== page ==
Nordstrom shares slide as investors don't buy ambitious growth plans

  • Nordstrom lays out its five-year financial targets.
  • The department store chain also reaffirms its previous outlook for fiscal 2018.
  • Shares fall on the news, as analysts and investors question how the retailer will continue to grow.
People walk by the newly opened Nordstrom menÕs store, the companyÕs first-ever Manhattan location in midtown at 57th and Broadway on April 12, 2018 in New York City.
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People walk by the newly opened Nordstrom menÕs store, the companyÕs first-ever Manhattan location in midtown at 57th and Broadway on April 12, 2018 in New York City.

Investors aren't buying into Nordstrom's plan to become the "best fashion retailer in a digital world" over the next five years.

The Seattle-based company laid out an ambitious new digital strategy in a press release ahead of a meeting with analysts in Los Angeles on Tuesday, projecting earnings before interest and taxes to grow 5 to 6 percent on an average annualized basis from 2017 to 2022. It also estimated that annualized sales would rise between 3 and 4 percent over that time, outpacing the average annual growth projections for the apparel and footwear market of 1 percent.

Shares slid as much as 6 percent in intraday trading on the news. They recovered a little in the afternoon but were still down by about 3.9 percent to $51.46 a share at 2:45 p.m.

Nordstrom, like its rivals, is fighting for growth as it faces new competition from trendy e-commerce brands, slowing foot traffic at malls and Amazon's rising clout as an apparel retailer. Those efforts include digital investments, partnerships with upstart brands like Silicon Valley cult brand Allbirds and opening a men's flagship in New York City.

Still, sales at its off-price Nordstrom Rack division — once a point of growth for the retailer — have weakened. And its investments in electronic commerce are eating into profit margins.

"We remain impressed by Nordstrom's openness to reinventing itself — fortuitous investments in e-comm and Rack have given the retailer a fairly unique level of stability," said KeyBanc analyst Ed Yruma. "However, initiatives like pop-ups, product exclusives and remodels have been unable to counter the natural traffic migration to ecomm at the full-line stores."

Key Banc downgraded shares of Nordstrom to sector weight from overweight before the company released its financial targets Tuesday.

Nordstrom is meeting with investors following the family's failed attempt to take the department store chain private earlier this year, after it was unable to get the financing needed to secure a deal at an acceptable price.

The company's agenda in Los Angeles on Tuesday included discussions about its plans to expand to new markets, like Canada with Nordstrom Rack, and to open additional Nordstrom Local stores, which were announced Monday. The smaller-format stores are focused on offering services, like manicures and pedicures, instead of sending shoppers home with their hands full of bags. Nordstrom is planning to open more Local stores in Los Angeles and New York.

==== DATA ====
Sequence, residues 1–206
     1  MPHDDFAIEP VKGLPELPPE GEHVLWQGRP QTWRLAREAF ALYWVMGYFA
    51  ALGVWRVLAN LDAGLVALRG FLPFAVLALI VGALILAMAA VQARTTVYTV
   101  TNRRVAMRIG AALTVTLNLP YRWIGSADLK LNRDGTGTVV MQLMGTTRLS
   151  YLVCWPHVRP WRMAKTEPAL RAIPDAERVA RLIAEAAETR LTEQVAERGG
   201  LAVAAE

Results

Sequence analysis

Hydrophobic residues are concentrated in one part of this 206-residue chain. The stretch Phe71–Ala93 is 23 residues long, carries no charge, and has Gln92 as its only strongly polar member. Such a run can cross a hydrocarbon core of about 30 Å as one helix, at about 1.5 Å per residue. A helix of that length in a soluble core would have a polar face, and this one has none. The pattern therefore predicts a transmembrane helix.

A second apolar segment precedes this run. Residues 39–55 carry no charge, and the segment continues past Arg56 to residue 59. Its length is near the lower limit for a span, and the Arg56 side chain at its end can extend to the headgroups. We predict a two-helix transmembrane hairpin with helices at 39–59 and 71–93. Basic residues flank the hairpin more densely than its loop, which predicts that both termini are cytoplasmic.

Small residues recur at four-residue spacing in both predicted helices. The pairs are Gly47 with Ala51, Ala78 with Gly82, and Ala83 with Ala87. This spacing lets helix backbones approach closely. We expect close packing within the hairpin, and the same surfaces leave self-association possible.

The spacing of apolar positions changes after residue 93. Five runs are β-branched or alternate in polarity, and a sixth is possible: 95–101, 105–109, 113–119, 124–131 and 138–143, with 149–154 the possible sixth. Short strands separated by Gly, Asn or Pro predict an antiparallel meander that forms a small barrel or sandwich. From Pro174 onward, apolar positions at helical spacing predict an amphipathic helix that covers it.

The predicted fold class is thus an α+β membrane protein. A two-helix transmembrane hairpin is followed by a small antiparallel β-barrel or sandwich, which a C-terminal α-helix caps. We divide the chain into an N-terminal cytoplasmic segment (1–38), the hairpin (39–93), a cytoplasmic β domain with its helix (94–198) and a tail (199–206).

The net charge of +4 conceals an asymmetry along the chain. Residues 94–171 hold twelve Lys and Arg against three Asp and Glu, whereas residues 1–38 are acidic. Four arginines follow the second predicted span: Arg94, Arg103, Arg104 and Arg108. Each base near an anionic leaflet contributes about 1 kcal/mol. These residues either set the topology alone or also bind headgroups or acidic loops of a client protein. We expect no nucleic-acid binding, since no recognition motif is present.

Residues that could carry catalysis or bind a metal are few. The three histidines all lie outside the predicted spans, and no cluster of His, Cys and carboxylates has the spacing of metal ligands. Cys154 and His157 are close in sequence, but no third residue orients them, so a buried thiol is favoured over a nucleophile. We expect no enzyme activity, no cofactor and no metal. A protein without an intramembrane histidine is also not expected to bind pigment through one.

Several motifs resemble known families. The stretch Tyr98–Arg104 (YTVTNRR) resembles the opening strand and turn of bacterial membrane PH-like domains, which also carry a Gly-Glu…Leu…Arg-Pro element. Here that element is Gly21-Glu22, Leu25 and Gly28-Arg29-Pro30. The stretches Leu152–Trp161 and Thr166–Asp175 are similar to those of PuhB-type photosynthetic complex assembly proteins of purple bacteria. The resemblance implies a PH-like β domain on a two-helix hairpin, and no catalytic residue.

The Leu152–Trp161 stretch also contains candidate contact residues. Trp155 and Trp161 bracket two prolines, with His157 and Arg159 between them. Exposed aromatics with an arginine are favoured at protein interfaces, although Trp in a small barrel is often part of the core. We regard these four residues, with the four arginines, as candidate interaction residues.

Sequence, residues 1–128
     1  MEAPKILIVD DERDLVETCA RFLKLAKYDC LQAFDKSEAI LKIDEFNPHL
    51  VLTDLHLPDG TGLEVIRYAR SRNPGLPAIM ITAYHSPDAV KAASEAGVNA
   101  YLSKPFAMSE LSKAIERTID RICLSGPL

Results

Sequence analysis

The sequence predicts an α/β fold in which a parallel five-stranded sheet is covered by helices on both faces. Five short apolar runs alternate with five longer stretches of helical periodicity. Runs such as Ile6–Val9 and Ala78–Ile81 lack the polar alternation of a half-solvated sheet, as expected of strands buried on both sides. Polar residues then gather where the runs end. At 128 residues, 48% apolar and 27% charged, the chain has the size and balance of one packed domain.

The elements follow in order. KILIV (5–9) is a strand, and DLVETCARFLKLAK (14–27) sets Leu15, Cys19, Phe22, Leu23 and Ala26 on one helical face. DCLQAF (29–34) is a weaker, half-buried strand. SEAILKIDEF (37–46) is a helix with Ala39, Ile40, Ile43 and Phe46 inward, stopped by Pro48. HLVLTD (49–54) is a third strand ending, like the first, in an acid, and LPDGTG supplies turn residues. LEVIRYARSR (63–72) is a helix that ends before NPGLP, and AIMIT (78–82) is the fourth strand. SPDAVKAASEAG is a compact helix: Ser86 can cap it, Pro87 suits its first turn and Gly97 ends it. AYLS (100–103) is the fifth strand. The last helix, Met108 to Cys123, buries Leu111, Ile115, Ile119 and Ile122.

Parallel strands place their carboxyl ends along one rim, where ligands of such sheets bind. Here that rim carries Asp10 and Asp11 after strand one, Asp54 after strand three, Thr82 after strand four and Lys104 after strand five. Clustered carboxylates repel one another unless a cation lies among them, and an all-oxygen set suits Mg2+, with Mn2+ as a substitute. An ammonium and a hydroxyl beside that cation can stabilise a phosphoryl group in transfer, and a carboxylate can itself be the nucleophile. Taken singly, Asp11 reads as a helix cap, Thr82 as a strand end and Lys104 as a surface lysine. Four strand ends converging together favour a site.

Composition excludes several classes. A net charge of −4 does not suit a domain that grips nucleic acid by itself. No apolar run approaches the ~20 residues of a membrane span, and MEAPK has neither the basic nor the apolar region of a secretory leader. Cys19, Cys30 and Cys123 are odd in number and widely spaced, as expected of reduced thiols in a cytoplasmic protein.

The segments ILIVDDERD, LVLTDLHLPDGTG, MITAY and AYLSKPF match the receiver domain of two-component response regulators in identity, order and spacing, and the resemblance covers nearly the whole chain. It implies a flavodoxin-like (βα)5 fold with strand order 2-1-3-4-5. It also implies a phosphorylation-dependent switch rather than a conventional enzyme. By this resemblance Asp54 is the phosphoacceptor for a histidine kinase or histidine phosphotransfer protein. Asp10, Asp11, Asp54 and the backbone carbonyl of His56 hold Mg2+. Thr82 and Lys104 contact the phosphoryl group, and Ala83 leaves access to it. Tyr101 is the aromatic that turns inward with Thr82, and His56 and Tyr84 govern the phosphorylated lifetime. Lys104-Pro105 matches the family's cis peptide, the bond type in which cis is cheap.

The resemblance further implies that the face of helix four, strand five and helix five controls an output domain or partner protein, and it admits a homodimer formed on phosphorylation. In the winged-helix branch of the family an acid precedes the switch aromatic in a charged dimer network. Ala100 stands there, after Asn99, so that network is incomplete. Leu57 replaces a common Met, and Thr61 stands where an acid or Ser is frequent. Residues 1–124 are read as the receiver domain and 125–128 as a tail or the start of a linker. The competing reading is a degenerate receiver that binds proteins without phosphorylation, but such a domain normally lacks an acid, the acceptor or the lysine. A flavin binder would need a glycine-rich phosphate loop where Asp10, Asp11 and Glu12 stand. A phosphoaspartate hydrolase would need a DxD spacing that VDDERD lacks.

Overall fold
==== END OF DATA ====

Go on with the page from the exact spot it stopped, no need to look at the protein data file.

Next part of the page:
"This positions this year as an inflection point for long-term growth," CFO Anne Bramman told investors at the meeting. "2018 is a turning point [for us]."

Last year, Nordstrom's net sales rose 4.4 percent, better than an increase of 2.9 percent in fiscal 2016. But growth has clearly tapered from earlier years, like when net sales skyrocketed 7.8 percent higher in fiscal 2014.

For 2018, Nordstrom has reaffirmed its prior financial outlook. Net sales are expected to fall within a range of $15.2 billion to $15.4 billion, while same-store sales are forecast to rise as much as 1.5 percent overall. Earnings per share are expected to fall within a range of $3.35 to $3.55, excluding the impact of any future share repurchases.

Nordstrom reported net sales of $15.1 billion in fiscal 2017 and projected a 2 percent increase to $15.4 billion for this year. Analysts surveyed by Thomson Reuters were expecting revenue to top $16 billion, while earnings per share were forecast by the Street to fall within a range of $3.37 and $3.61 in fiscal 2018.

Looking to fiscal 2019, analysts surveyed by Thomson Reuters had projected revenue to fall within a range of $15.87 billion and $16.57 billion. Nordstrom said it expects to grow sales to roughly $18 billion by 2022.

According to Bramman, Nordstrom's digital sales penetration should be about 40 percent by 2022, compared with 26 percent in 2017. It's increasingly shifting its focus to NordstromRack.com, for example. The company is expecting to have about 4.4 percent market share within five years, compared with 3.9 percent in 2017.

"There's nothing we see that doesn't give us confidence … [that] as some of these investments mature we can build upon that and grow our market share," co-president Erik Nordstrom said.

Laying out its five-year plan, Nordstrom also said Tuesday it expects free cash flow will increase from $600 million in 2017 to roughly $800 million by 2020 and $1 billion by 2022 as its investments mature. That includes investments in HauteLook, Trunk Club and expanding in Canada. Adjusted return on invested capital is forecast to grow from 9.7 percent last year to a mid-teens range within the next half decade.

Prior to the meeting, Nordstrom shares had climbed roughly 13 percent over the past year and the company's market value stood at roughly $9 billion. That compares with Macy's, which has a market value of $11.2 billion, and J.C. Penney, which is valued at $754.3 million.

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